|Table 1: Treatment schedule: Number of groups with their treatment schedule|
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Preparation of extract
The collected plant was dried in shadow, powdered and passed through sieve #40 and used for extraction process. Successive solvent extraction was carried out; dried material is extracted with different solvents, starting from solvent of low polarity first with alcohol and then methanol. After extraction by one solvent, material is removed from thimble, dried, and recharged, extracted with solvent of successively high polarity. Successive solvent extraction was done by using alcohol and methanol as prescribed by Kokate (1994) to get alcoholic extract of S. media (AESM) and Methanolic extract of S. media (MESM). 
The extract was filtered and concentrated by using rotary flash vacuum evaporator (Roteva, Equitron, Mumbai). The extracts were dried in vacuum drier and stored below 10°C.
Phytochemical investigation was carried out as per the method prescribed by Kokate. 
Estimation of total flavonoid content
Flavonoid concentration was determined as per Chang et al.  A known volume of methanolic extract was diluted with 80% aqueous ethanol (0.9 mL). An aliquot of 0.5 mL was added to a test tube containing 0.1 mL of 10% aluminum nitrate, 0.1 mL 1 M aqueous potassium acetate, and 4.3 mL of 80% ethanol. After 40 min at room temperature the absorbance was determined at 415 nm with UV spectrophotometer. Total flavonoid content was calculated according to a standard curve established with Quercetin.
Estimation of total saponin glycosides
Total saponin content of both the extracts was obtained by the method prescribed by Rajpal (2002). 
The total saponin content was found to be 0.121%w/w and 0.108%w/w for methanolic and ethanolic, respectively.
TLC study of MESM
The stationary phase and mobile phase set for β-sitosterol as per the Harborne J.B. 
TLC for β-sitosterol
Plate dimension: 5 × 15 cm.
Stationary phase: Silica gel G for TLC.
Sample preparation: 5 mg methanolic extract was dissolved in 5 mL of acetone
Mobile phase: Various solvent systems have been tried for optimization of better resolution mainly using chloroform and ethyl acetate as the methanol extracts contain sterols, which are nonpolar to semi polar in nature.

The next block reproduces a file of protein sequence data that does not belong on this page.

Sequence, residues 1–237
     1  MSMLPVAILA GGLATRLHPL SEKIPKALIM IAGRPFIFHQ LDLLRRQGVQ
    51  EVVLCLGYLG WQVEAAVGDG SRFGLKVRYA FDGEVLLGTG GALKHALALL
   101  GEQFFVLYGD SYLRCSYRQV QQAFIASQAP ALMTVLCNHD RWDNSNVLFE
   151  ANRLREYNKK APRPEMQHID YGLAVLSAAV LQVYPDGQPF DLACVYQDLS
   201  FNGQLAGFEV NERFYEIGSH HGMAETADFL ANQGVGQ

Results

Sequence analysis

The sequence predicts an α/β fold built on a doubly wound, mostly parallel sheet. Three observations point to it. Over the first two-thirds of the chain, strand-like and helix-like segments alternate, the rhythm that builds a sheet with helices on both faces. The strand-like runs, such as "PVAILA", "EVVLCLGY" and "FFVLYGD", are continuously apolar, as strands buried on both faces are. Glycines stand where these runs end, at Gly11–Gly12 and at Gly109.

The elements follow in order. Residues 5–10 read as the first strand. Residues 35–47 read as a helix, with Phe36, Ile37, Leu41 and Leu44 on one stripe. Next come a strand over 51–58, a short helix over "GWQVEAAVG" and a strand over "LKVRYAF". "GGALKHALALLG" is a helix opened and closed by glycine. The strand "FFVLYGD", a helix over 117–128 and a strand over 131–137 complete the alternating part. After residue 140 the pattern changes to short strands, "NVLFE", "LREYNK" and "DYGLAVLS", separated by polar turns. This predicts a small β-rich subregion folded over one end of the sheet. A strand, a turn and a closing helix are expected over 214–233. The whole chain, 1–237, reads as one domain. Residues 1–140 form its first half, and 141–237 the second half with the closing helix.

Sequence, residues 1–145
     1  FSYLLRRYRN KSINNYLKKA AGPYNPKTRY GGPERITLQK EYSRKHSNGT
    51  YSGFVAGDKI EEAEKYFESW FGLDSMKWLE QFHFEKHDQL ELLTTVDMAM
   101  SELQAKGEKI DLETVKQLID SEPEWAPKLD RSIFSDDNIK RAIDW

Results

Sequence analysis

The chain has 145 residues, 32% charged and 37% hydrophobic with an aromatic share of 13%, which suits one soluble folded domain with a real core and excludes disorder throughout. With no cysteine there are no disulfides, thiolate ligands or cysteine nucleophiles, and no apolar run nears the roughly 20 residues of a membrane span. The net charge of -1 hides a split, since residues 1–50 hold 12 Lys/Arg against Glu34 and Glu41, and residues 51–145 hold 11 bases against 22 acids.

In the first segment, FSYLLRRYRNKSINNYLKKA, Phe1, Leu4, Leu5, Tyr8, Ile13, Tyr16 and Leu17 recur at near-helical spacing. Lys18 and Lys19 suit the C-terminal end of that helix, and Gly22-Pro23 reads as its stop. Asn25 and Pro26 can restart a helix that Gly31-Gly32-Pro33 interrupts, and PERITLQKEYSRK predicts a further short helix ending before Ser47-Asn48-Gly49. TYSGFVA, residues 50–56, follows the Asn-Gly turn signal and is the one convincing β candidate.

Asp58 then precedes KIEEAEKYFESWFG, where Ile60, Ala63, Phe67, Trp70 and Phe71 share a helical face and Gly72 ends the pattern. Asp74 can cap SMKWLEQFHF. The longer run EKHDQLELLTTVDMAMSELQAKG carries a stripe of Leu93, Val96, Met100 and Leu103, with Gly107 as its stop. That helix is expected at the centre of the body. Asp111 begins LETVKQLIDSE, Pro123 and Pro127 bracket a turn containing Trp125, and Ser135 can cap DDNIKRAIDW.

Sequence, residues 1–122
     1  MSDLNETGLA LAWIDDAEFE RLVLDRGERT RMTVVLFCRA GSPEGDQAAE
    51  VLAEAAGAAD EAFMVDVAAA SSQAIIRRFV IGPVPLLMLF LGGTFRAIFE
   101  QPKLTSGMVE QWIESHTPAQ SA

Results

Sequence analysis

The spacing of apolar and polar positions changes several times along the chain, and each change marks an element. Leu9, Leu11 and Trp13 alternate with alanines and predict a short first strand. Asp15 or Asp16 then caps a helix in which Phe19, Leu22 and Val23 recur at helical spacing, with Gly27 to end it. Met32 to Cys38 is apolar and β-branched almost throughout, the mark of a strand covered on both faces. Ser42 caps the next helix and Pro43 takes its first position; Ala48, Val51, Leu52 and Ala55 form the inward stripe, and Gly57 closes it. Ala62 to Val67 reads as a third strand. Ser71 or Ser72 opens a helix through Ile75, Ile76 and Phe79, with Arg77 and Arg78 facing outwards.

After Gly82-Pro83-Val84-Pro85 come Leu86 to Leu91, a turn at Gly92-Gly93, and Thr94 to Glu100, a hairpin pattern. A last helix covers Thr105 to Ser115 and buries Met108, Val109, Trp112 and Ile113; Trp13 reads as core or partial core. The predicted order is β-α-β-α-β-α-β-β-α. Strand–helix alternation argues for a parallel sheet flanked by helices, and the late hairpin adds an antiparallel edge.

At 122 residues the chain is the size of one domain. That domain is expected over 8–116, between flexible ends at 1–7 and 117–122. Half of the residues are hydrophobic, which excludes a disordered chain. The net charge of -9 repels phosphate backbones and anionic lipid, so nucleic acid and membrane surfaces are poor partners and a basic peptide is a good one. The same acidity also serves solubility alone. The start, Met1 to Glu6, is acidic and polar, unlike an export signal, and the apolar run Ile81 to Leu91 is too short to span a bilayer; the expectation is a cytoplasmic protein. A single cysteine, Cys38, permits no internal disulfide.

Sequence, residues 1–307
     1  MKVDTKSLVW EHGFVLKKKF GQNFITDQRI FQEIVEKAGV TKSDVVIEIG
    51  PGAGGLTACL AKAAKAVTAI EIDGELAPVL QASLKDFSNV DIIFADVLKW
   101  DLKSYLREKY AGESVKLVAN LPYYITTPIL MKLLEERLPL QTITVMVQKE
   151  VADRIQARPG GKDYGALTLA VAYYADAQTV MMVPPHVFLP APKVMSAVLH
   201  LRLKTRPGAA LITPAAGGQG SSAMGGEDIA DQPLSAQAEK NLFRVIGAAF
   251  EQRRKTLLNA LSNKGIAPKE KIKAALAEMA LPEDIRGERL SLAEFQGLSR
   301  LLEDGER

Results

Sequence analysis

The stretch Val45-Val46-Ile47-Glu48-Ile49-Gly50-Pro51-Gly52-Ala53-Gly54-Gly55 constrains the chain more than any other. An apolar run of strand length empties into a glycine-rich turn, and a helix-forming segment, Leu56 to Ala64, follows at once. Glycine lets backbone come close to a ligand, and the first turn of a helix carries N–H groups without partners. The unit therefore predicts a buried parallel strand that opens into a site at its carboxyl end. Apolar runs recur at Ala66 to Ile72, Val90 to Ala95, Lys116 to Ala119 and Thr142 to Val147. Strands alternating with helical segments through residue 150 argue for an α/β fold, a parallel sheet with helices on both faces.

Visualization: Spraying by 20% sulfuric acid in methanol.
Treatment after spraying: Heated in oven at 105°C for 2-5 min.
Induction of progesterone-induced obesity
Progesterone vial contents were dissolved in arachis oil and a dose of 10 mg/kg was administered subcutaneously in the dorsal neck region to mice for 28 days, control group received the vehicle. All drugs were given at a dose of 0.4 mL/100 g body weight. The test drugs were injected 30 min before progesterone administration.
Test drug preparation
Both the extracts (methanolic and alcoholic extracts) and standard sibutramine are soluble in water, so distilled water was used as media to dissolve. For progesterone, arachis oil was used as a vehicle and diluent for appropriate doses. All the drug concentrations were prepared freshly just before administration. All the test drugs, including the standard were given by oral gavages by p.o. route.
Assessment of food consumption behavior in mice
The food intake studies were carried out on days 1, 7, 14, 21, and 28. The mice were deprived of food 1 h prior to experimentation and the test feed for the feeding experiments was standard mice chow modified for palatability by adding 10% of sucrose. On experimental days, 30 min after last drug administration, 10 g of sweetened chow was presented to groups of mice in glass Petri dish More Detailses and food intake was recorded at 0.5, 1, and 2 h time intervals. Nearest to 0.1 g with correction for spillage and the amount of food consumed/20 g body weight was calculated.